22 August 2019
Reports of multiple fatal landslides in the Wenchuan area of China
Various news agencies in China are reporting multiple landslides triggered by extreme rainfall in the Wenchuan area, and adjacent regions, of China. Xinhua has a fairly basic report, with some images. More detail is provided by a report by ECNS:
Nine people were killed and 35 were missing after multiple mudslides struck Aba Tibetan and Qiang autonomous prefecture in Sichuan province on Tuesday, local authorities said.
In Wenchuan itself, ECNS reports:
At least one firefighter was dead and three people were reported missing after multiple mudslides hit Wenchuan County, southwest China’s Sichuan Province, local authorities said.
At least four people were dead and 11 were reported missing in Wenchuan County after multiple mudslides happened following heavy rainfall. Seven people were missing and 60 were trapped in Wolong special administrative zone in the county.
Gengda Township in Wolong appears to be singled out as having been badly affected, albeit little real detail is available as yet. This image, via ECNS, is from Gengda township:-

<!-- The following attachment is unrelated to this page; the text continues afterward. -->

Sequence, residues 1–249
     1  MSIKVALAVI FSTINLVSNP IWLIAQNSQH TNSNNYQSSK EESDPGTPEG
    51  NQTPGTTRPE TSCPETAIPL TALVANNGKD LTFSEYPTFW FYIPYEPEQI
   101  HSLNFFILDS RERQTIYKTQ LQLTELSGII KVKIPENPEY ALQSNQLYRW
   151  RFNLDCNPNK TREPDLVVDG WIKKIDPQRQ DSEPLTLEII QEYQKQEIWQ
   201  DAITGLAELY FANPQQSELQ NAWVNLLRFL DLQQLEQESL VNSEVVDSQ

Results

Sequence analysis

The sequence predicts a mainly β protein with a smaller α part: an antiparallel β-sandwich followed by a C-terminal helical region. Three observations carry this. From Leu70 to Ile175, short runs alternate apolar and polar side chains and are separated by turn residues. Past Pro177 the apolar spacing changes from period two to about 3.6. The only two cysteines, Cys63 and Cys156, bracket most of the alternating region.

Meanwhile this image from ECNS shows the aftermath of a debris flow in Banquio village in Sichuan:-
This area was, of course, severely affected by the 2008 Wenchuan earthquake, with disastrous consequences. The mountains have continued to be very seriously impacted by landslides since then, with significant losses occurring most years. In a recent paper on this event, Fan et al. (2018) noted that:
Although the slope self-healing process (grain coarsening, consolidation, revegetation) does rebalance the rainfall threshold to that of a pre-earthquake level, the debris flow activity has not yet reached the pre-2008 background levels.
It appears that this situation continues.
Xuanmei Fan, C. Hsein Juang, Janusz Wasowski, Runqiu Huang, Qiang Xu, Gianvito Scaringi, Cees J. van Westen, Hans-Balder Havenith. 2018. What we have learned from the 2008 Wenchuan Earthquake and its aftermath: A decade of research and challenges, Engineering Geology, 241, 25-32. https://doi.org/10.1016/j.enggeo.2018.05.004. (https://www.sciencedirect.com/science/article/pii/S0013795218307233)